I would really appreciate it if you could please help me with this,

    thanks for your help
     
  12. Apr 12, 2010 #11

    Mark44

    Staff: Mentor

    Depends on which case you're working on. If it's the first case, u = kv, so replace u in the c1u + c2v + c3w = 0 equation.

    If it's the second case, see what I said in post 4.
     
  13. Apr 12, 2010 #12
    it is the second case, where u = c1v + c2w, for non zero scalars, I don't understand how to actually prove what you said in post 4..or writing that would be sufficient..

    Thanks,
     
  14. Apr 12, 2010 #13
    ok, I get it...I was wondering how you got the u - c2v - c3w?

    sorry, I just started vectors, and am a little confused with them..
     
  15. Apr 12, 2010 #14

    Mark44

    Staff: Mentor

    If u = c1v + c2w, then u - c1v - c2w = 0.

    So here I have a solution to the equation c1u + c2v + c3w = 0 where not all the constants are zero.
     
  16. Apr 12, 2010 #15

    ok, so I get 0 when I substitute u = c1v + c2w into the equation: is this correct?, since these combinations need to be linearly dependent
    inorder to be coplanar, which we proved, as u = c1v + c2w...
     
  17. Apr 12, 2010 #16

    Mark44

    Staff: Mentor

    No, that's not it at all. Please tell me the definition of linear dependence, in the context of three vectors u, v, and w.
     
  18. Apr 12, 2010 #17
    Linear dependence:

    c1u + c2v + c3w= 0
     
  19. Apr 12, 2010 #18

    Mark44

    Staff: Mentor

    Haven't you noticed that exactly the same equation is used to define linear independence? IOW, there is more to dependence or independence than just that equation. What does the complete definition say?
     
  20. Apr 12, 2010 #19
    ok, so from what I've been taught, if you can express one of the vectors as a linear combination of the other vectors, then they are linearly dependent vectors...please remember that this is high school level math. I'm really confused on how to prove this, like I asked a tutor online , and he said that since these vectors are coplanar, so all we need to prove is that u - c1v + c2w = 0, so that c1, and c2 are non zero scalars...How could you prove this?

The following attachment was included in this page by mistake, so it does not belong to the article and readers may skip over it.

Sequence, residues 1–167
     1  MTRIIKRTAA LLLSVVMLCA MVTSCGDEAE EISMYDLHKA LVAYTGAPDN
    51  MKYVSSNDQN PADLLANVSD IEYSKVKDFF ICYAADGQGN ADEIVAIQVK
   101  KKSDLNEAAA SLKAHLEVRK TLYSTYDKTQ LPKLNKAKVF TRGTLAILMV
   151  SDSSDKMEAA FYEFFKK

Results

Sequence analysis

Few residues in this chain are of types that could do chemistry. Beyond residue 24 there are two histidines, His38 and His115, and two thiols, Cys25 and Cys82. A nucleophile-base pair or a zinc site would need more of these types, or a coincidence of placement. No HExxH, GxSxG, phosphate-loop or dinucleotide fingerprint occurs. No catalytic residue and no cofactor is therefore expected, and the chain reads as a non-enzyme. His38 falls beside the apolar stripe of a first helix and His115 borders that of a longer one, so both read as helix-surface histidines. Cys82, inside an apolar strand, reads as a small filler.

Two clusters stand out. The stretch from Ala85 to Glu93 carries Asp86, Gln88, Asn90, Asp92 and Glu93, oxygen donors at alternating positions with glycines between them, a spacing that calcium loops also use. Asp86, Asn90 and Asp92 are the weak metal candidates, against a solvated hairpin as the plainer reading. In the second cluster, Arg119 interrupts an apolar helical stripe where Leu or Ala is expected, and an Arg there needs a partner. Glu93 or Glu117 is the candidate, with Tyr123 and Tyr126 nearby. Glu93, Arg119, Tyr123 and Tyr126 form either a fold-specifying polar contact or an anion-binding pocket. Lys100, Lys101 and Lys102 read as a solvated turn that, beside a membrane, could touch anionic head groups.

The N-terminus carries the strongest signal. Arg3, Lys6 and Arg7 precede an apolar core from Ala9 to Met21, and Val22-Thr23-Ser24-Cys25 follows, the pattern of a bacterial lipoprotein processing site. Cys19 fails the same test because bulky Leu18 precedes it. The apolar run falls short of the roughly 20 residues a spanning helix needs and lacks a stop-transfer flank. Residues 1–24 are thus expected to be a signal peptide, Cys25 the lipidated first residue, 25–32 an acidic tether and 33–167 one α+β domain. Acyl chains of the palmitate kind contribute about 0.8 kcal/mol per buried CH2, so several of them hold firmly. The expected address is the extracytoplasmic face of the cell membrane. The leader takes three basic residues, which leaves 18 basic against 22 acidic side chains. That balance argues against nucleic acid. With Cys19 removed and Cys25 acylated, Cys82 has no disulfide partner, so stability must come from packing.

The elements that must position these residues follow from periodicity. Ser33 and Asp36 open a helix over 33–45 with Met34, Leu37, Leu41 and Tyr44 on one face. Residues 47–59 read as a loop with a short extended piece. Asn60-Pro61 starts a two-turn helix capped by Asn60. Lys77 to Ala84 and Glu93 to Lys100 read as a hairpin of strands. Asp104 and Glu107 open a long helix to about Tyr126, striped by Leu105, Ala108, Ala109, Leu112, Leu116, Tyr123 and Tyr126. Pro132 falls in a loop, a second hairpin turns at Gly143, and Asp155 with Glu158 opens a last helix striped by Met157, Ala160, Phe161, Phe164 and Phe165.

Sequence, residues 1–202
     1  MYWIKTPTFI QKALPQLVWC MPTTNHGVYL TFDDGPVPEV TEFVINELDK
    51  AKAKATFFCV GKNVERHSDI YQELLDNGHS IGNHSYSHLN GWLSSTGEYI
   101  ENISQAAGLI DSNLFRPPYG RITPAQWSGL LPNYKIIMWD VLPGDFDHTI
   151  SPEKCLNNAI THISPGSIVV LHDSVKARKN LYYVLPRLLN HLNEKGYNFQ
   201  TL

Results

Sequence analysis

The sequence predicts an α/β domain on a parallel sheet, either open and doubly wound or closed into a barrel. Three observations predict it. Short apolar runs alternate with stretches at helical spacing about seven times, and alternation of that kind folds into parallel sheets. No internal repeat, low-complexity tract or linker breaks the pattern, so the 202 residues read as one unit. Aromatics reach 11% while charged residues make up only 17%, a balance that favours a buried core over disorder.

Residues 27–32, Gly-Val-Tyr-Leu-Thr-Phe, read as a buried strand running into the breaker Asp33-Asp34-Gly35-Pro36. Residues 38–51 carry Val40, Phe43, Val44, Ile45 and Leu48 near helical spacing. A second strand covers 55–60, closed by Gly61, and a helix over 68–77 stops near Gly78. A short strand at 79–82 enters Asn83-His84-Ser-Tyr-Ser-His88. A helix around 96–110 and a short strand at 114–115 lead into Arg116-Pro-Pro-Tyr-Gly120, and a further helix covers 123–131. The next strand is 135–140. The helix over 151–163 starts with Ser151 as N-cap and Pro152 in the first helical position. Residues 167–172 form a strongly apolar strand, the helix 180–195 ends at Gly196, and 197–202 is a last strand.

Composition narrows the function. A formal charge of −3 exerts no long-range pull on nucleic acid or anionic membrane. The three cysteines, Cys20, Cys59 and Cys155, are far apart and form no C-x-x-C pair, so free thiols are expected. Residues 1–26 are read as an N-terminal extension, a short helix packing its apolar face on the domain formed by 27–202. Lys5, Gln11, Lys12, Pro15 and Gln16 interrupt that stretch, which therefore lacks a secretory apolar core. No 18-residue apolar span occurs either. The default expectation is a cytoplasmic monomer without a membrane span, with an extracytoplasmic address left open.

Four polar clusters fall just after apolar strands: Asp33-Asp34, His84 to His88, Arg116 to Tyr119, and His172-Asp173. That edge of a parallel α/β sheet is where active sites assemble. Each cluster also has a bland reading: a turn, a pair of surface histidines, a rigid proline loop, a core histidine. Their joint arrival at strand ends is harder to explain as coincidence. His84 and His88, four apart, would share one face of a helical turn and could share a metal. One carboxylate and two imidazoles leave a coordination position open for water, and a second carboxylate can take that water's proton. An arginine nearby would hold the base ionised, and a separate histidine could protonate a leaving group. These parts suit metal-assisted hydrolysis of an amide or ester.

help is much appreciated..

    Thanks!
     
  21. Apr 12, 2010 #20

    Mark44

    Staff: Mentor

    This is not how linear dependence is defined.

    For example, consider u = <1, 0, 0>, v = <0, 1, 0> and w = <1, 1, 0>.

    I can set c1u + c2v + c3w = 0, and that alone doesn't tell me anything, because this equation is always true if c1 = c2 = c3 = 0. For these vectors, however, it turns out that 1u + 1v - 1w = 0 is also true, so I have found a solution for the equation c1u + c2v + c3w = 0, where not all of the constants are zero.

    Here's another example, this time with u and v the same, but w = <1, 0, 1>.

    I can again set c1u + c2v + c3w = 0, which I can always do, no matter what vectors I'm talking about. If I solve for the constants this time, I have
    c1<1, 0, 0> + c2<0, 1, 0> + c3<1, 0, 1> = <0, 0, 0>
    ==> c1 + c3 = 0
    c2 = 0
    c2 + c3 = 0

    Substituting 0 for c2 in the 3rd equation gives me c3 = 0. Substituting 0 for c3 in the first equation gives me c1 = 0.

    The only solution to the equation c1u + c2v + c3w = 0 is c1 = c2 = c3 = 0, and there are no other solutions.

    The upshot of this is that for an equation c1u + c2v + c3w = 0, u, v, and w are linearly independent if the only solution is c1 = c2 = c3 = 0, AKA the trivial solution. For the same equation, u, v, and w are linearly dependent if there is some solutions with at least one of the constants not equal to zero. The solution with all three constants equal to 0 applies in both cases.

    Now, if you have u = av + bw, is there a solution to the equation u1 - av - bw = 0 other than the trivial solution? There obviously is.